One Last Look

I tried to starting gathering my thoughts about a week ago. Yet somehow I still find myself unable to verbalize everything I want to say about what these last few months have meant to me. For a while that bugged me and I kept putting it off in the hope that I would somehow discover the right words to say that would inevitably move you, my dear reader, to what I would like to think would be tears of the genuine sort, that stemmed from my well-fashioned realizations. But that’s not what I’ve come here to say.

In all seriousness, I am someone who is terrible with goodbyes. Absolutely dreaded military life but when the day came to turn in my uniform, I found myself scheming about how I could keep them and somehow deceive the armed forces bureau into believing that the articles of clothing had somehow become victim to unprovoked theft. Playing Aaron Kreifels to becoming Aaron Kreifels. Watching an event to discovering every unfolding instance of it. Words cannot do justice to the maturation of this play and to my maturation as a person – and to some extent, as an actor.

This was the first real production I had ever been in and my god if this is what every theater production is like – then god have mercy because I know the stage won’t. Coming to college this was never a class or an activity that I would have ever have imagined involving myself in. This was a complete matter of chance and I don’t think I have been more fortunate in a long time.

You know, when the final performance ended and we walked on stage and there was a standing ovation, I remember thinking, Wow. Not because I was in awe of our success or the response we got but instead, I felt an incredible feeling of ecstatic relief. We had a story to tell. This was a story that had to be told. And it was. Wow. Now what?

Laramie was a noun, a definition a sign. As we were taking down the set (the first time I had ever done that), I remember thinking, man, this is just heartless. I was clinging onto something that was, in a matter of minutes, going to be no more. That was when it hit me – what we had done was not in the stage or in the costumes or even in the performance. It was in us. It is now in the people who came to watch. Ephemeral as the stage was, it served its purpose. Like all things in life, this too came to pass. I had to suck it up and realize that it was what it was. An incredible experience that I appreciated and will always carry with me.

So with the final props taken down and the set completely undone, we proceeded to take our leave. I knew that I would be seeing everyone again that Wednesday. Still, once I made sure no one was looking, I turned around surreptitiously, and in the distance I could see the sparkling lights of Laramie, Wyoming.

Thank you for everything.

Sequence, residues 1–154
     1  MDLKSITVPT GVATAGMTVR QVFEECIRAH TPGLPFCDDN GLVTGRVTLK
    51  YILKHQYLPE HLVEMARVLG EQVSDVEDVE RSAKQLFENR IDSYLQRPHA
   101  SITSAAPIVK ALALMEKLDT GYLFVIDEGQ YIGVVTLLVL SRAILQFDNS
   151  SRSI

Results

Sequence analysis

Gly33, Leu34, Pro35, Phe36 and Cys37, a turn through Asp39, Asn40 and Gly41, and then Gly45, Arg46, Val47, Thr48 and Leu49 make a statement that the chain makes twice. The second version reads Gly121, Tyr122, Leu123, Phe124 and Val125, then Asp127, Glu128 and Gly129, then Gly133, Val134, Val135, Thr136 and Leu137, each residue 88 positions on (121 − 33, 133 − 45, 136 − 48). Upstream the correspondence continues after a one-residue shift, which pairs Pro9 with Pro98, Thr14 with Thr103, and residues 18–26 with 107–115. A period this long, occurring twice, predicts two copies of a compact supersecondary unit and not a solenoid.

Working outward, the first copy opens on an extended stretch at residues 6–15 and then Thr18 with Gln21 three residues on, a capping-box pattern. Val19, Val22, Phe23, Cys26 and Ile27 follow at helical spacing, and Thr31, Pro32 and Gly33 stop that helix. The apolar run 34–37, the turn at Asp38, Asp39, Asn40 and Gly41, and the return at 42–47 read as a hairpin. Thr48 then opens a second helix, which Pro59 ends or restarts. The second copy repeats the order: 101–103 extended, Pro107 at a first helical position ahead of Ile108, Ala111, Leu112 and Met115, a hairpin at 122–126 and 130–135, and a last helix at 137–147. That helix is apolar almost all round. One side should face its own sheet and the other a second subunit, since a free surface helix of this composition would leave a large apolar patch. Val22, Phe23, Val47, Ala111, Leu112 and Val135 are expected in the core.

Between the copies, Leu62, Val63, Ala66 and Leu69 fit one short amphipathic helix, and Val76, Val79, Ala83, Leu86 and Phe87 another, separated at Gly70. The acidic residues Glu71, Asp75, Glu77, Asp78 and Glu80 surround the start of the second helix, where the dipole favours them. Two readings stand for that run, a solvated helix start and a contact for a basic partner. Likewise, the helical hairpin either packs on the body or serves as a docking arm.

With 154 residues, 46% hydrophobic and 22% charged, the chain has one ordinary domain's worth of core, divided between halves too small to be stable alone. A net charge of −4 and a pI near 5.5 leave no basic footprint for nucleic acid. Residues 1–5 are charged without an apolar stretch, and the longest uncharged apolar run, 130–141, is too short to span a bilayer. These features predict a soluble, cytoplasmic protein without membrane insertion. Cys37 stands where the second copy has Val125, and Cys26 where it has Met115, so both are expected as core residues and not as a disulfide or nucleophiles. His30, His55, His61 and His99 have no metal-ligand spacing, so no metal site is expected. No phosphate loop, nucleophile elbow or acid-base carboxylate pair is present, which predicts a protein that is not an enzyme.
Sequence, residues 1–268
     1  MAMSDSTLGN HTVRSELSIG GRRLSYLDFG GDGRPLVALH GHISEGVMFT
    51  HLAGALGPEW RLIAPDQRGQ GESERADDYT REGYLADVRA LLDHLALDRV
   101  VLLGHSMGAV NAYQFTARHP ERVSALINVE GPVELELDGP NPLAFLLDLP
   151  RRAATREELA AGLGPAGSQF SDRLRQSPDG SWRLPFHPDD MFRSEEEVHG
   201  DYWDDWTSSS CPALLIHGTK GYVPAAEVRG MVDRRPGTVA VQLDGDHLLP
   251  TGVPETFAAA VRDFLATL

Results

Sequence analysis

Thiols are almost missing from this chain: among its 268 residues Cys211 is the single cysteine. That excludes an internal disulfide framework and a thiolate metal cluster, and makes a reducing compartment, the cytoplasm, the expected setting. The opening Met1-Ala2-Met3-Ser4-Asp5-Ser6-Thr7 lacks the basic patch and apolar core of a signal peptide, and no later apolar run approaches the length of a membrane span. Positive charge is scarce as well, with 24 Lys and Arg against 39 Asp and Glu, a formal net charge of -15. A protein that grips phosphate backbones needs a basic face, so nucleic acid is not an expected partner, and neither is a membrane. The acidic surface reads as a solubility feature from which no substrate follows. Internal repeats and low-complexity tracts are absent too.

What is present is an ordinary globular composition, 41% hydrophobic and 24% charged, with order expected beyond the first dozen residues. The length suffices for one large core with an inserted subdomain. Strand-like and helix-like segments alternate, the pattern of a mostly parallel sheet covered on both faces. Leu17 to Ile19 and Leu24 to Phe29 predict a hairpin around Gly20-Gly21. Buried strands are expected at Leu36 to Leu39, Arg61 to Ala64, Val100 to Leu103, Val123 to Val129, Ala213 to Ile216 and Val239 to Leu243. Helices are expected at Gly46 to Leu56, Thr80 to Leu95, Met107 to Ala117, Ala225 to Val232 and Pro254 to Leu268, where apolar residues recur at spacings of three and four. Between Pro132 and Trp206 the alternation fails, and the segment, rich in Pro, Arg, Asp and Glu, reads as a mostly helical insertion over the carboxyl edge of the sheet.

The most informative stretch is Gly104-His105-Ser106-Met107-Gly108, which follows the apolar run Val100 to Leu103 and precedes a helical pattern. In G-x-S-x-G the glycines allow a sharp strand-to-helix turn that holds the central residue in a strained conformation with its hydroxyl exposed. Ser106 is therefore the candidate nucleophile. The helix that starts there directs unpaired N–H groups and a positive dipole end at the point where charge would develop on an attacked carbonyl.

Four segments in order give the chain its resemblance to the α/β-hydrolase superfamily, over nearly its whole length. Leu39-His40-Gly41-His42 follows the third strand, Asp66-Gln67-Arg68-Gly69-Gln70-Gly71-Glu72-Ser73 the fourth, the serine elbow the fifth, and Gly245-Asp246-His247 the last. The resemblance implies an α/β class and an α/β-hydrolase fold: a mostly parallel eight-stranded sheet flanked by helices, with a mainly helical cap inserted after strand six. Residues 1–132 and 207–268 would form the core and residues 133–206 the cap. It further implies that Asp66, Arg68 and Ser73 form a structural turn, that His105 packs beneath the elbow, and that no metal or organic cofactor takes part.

Ashok Palaniappan

2 thoughts on “One Last Look

  1. Ash–

    I love your language choices in this. “Every unfolding instance.” “Ecstatic relief.” “Heartless.” “Undone.” They signal, to me at least, a kind of maturity in your expression born out of experience over the course of the semester. And that’s really gratifying to see considering that there were moments, early on, where the other varied opportunities of Duke life : ) seemed to be taking more of your focus.

    I’m not sure if you’ll have another opportunity *exactly* like this one. In this production the actors never really had “down time”. You all didn’t sit backstage much, waiting to take the stage … it was yours at all times. Such a structure required your constant presence in a way that doesn’t often happen. It is a kind of attention that you would have to learn how to muster in a performance where you could disappear and reappear off to on-stage because you’ll need to be able to bring that presence at a moment’s notice. I think you’re on your way to developing a good set of acting tools to work in both kind of environments. I look forward to seeing your next performance steps.


  2. Ash,

    Thanks for this entry. I think you grew immeasurably during this process. You began to understand the discipline needed to make the strong contributions one needs to make in a collaborative art. It is not only about yourself, but about each and every “other” that is standing on stage beside you. I was very proud of your growth. I think wanting to be an actor and really understanding what it will take to be an actor are two very different things. I hope you continue to explore your talents and are willing to put the hard work into becoming stronger in everything you do. I am so glad you will taking Professor Beckwith’s class in the fall. She is the greatest and will give you an entirely new perspective on what theater can be.

    I knew at the audition when you read Aaron that you were the one to tell that piece of the story. It was a very important piece. It was the wake-up call at the end of Act One. All of a sudden we go from talking about Matthew alive for an entire act to understanding that the person we got to know in Act One, was no longer alive. That was your job! The way you worked with Bart in your Aaron monologue, charged the space with an electricity. Like the messenger in a Greek drama, you brought us back to the reality of what had happened. You revealed the horror and you raised the stakes. The audience knew that the story would be hard, not only for the characters, but for them as well.

    I hope the experience was good for you and that you will continue to define what you need to work on to be the best actor you can be.I look forward to continuing to be a part of that process.

    All best, Jeffrey

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